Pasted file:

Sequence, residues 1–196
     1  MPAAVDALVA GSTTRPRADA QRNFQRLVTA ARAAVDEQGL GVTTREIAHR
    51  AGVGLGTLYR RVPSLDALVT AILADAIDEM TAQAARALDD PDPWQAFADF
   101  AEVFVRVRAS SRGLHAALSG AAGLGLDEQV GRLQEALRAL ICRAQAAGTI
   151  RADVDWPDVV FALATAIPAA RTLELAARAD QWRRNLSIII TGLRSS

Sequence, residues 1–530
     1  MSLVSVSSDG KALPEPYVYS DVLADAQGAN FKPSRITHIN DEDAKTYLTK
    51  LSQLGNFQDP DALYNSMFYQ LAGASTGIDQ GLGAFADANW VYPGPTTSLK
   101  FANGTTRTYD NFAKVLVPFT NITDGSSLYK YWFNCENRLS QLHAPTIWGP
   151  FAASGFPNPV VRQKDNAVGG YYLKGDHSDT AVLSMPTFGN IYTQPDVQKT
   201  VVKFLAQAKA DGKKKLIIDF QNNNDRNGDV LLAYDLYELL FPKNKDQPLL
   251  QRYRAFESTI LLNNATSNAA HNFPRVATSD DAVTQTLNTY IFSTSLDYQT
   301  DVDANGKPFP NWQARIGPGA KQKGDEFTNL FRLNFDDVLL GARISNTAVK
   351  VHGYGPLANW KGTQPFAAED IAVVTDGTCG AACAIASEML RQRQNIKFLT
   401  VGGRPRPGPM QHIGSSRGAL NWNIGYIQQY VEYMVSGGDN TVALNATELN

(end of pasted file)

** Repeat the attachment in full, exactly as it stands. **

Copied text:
Sequence, residues 1–196
     1  MPAAVDALVA GSTTRPRADA QRNFQRLVTA ARAAVDEQGL GVTTREIAHR
    51  AGVGLGTLYR RVPSLDALVT AILADAIDEM TAQAARALDD PDPWQAFADF
   101  AEVFVRVRAS SRGLHAALSG AAGLGLDEQV GRLQEALRAL ICRAQAAGTI
   151  RADVDWPDVV FALATAIPAA RTLELAARAD QWRRNLSIII TGLRSS

Sequence, residues 1–530
     1  MSLVSVSSDG KALPEPYVYS DVLADAQGAN FKPSRITHIN DEDAKTYLTK
    51  LSQLGNFQDP DALYNSMFYQ LAGASTGIDQ GLGAFADANW VYPGPTTSLK
   101  FANGTTRTYD NFAKVLVPFT NITDGSSLYK YWFNCENRLS QLHAPTIWGP
   151  FAASGFPNPV VRQKDNAVGG YYLKGDHSDT AVLSMPTFGN IYTQPDVQKT
   201  VVKFLAQAKA DGKKKLIIDF QNNNDRNGDV LLAYDLYELL FPKNKDQPLL
   251  QRYRAFESTI LLNNATSNAA HNFPRVATSD DAVTQTLNTY IFSTSLDYQT
   301  DVDANGKPFP NWQARIGPGA KQKGDEFTNL FRLNFDDVLL GARISNTAVK
   351  VHGYGPLANW KGTQPFAAED IAVVTDGTCG AACAIASEML RQRQNIKFLT
   401  VGGRPRPGPM QHIGSSRGAL NWNIGYIQQY VEYMVSGGDN TVALNATELN